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Researchers Identify Enzymes Associated With Chemoresistance in Ovarian Cancer

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Key Points

  • Two epigenetic regulators, HDAC1 and DNMT1, were found to be highly associated with the silencing of RGS10 expression in chemoresistant ovarian cancer cells.
  • Decreasing the expression of HDAC1 and DNMT1 and blocking their activity significantly increased RGS10 expression and cell death and also decreased the binding of HDAC1 to RGS10 in chemoresistant cells.
  • The research supports inhibition of HDAC1 and DNMT1 as an adjuvant therapeutic approach to overcoming chemoresistance in ovarian cancer.

Inhibiting enzymes that cause changes in gene expression could decrease chemotherapy resistance in patients with ovarian cancer, according to research by Cacan et al. The study investigated the silencing of RGS10 expression in ovarian cells by epigenetics and identified two epigenetic regulators, HDAC1, a histone deacetylase, and DNMT1, a DNA methyl transferase. The researchers found that decreasing the expression of HDAC1 and DNMT1 and blocking their activity significantly increased RGS10 expression and cell death and also decreased the binding of HDAC1 to RGS10 in chemoresistant cells. The study is published in PLOS ONE.

Potential New Therapeutic Approach

In a previous study, the researchers found the expression of the protein RGS10, which regulates ovarian cancer cell growth and survival, is suppressed in ovarian cancer cells that are chemoresistant. They also found that the suppression was caused by DNA methylation and histone deacetylation.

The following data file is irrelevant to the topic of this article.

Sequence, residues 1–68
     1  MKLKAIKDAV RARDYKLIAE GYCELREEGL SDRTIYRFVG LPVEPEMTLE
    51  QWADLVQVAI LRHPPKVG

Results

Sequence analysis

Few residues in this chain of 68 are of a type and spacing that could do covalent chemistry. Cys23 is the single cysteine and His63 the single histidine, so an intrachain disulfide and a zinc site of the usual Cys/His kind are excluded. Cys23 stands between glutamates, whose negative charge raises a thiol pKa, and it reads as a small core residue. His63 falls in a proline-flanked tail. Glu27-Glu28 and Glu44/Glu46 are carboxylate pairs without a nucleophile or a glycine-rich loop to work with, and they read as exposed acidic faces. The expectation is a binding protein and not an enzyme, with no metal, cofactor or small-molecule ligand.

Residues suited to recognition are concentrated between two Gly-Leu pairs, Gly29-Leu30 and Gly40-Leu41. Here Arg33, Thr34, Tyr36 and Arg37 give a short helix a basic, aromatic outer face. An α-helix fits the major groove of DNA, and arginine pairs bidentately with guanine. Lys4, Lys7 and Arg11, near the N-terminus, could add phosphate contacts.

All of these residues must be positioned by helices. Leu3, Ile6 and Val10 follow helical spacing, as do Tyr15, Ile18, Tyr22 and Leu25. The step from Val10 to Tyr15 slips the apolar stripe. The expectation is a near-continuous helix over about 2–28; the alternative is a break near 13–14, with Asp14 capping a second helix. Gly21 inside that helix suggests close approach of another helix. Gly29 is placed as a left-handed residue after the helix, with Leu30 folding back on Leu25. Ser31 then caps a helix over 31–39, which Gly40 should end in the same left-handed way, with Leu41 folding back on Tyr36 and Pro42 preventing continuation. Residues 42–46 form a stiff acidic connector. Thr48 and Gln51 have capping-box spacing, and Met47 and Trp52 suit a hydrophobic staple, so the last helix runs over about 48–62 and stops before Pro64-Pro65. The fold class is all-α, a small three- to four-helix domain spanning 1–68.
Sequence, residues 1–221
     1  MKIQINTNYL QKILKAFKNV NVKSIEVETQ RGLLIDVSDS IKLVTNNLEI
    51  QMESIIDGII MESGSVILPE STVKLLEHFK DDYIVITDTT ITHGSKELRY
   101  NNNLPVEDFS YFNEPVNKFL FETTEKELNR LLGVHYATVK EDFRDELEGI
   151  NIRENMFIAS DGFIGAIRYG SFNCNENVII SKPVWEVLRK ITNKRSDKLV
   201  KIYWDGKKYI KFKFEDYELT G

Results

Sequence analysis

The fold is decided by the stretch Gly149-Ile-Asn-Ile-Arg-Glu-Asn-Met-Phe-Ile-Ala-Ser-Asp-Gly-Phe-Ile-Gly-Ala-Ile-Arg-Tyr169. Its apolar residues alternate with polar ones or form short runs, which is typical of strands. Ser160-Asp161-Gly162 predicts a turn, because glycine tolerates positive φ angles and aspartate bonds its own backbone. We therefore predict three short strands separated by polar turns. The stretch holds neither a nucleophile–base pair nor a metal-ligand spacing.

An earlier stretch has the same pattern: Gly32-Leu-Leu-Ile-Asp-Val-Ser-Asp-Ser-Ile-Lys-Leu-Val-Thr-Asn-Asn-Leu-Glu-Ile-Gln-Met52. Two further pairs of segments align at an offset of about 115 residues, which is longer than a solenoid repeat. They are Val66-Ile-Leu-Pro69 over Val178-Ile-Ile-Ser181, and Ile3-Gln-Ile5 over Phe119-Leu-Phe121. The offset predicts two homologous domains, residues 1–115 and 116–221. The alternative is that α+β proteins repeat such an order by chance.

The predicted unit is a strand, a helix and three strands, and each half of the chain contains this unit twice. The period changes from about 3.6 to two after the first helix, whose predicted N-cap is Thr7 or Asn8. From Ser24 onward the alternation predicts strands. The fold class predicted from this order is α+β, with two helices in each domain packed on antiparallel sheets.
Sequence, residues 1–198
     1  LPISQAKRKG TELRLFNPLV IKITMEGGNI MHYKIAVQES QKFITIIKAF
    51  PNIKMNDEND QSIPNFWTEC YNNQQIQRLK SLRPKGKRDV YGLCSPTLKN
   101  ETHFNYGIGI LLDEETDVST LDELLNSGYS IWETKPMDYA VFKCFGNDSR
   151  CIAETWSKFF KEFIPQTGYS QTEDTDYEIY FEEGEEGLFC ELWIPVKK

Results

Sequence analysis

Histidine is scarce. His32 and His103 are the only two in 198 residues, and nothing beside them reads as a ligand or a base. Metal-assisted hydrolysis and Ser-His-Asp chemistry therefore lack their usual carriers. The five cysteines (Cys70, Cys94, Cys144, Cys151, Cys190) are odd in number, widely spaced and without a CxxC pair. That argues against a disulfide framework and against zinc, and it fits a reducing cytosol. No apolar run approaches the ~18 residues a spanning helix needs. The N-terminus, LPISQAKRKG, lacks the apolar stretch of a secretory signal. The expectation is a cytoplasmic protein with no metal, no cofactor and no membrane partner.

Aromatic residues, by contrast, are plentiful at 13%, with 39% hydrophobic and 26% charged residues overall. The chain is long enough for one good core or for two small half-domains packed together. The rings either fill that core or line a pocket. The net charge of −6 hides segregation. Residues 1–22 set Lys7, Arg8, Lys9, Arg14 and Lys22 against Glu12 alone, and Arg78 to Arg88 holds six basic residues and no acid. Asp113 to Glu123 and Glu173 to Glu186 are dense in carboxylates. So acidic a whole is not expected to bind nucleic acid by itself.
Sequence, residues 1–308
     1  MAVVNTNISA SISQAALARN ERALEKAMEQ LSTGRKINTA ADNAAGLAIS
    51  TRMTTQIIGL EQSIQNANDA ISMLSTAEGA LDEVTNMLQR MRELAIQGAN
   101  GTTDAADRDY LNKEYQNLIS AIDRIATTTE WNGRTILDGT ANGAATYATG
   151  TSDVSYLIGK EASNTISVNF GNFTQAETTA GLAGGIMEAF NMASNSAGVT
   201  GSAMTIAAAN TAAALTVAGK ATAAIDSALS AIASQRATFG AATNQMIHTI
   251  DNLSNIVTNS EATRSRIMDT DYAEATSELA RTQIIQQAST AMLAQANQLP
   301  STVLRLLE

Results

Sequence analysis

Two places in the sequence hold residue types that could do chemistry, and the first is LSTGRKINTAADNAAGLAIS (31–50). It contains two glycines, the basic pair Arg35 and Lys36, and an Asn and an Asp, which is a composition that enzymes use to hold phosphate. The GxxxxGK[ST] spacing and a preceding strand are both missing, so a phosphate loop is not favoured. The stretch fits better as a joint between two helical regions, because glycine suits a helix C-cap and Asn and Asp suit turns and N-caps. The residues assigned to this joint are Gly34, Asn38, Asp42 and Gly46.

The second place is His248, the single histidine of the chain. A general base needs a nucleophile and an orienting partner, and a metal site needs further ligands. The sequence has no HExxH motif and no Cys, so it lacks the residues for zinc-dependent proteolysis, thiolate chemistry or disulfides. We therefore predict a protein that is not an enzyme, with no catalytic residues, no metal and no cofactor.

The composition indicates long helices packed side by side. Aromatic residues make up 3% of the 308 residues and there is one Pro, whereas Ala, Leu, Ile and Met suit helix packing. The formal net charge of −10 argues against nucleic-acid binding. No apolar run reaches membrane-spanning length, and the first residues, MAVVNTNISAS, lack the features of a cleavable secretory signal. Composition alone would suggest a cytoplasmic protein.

The researchers’ new findings suggest that HDAC1 and DNMT1 contribute to the suppression of RGS10 during acquired chemoresistance and support inhibition of HDAC1 and DNMT1 as an adjuvant therapeutic approach to overcoming chemoresistance in ovarian cancer.

“Ovarian cancer is usually treated by surgery followed by chemotherapy, but because it’s typically found fairly late, ovarian cancer is often refractory to chemotherapy,” Susanna Greer, PhD, coauthor of the study and Associate Professor in the Department of Biology at Georgia State University, said in a statement. “You have tumors that initially respond to chemotherapy and then don’t. Ovarian cancer is the eighth most commonly diagnosed cancer in U.S. women, but due to its late diagnosis, causes more deaths than any other cancer of the female reproductive system.”

Ovarian Cancer Incidence and Mortality

According to the National Cancer Institute, ovarian cancer is the fifth leading cause of cancer death among women in the United States and has the highest mortality rate of all gynecologic cancers. It is estimated that 21,980 new cases of ovarian cancer will be diagnosed in the United States in 2014, and that 14,270 women will die of this disease.

Dr. Greer is the corresponding author for the PLOS ONE article.

Funding for this research was supported by a grant from the American Cancer Society. The study authors reported no conflicts of interest.

The content in this post has not been reviewed by the American Society of Clinical Oncology, Inc. (ASCO®) and does not necessarily reflect the ideas and opinions of ASCO®.


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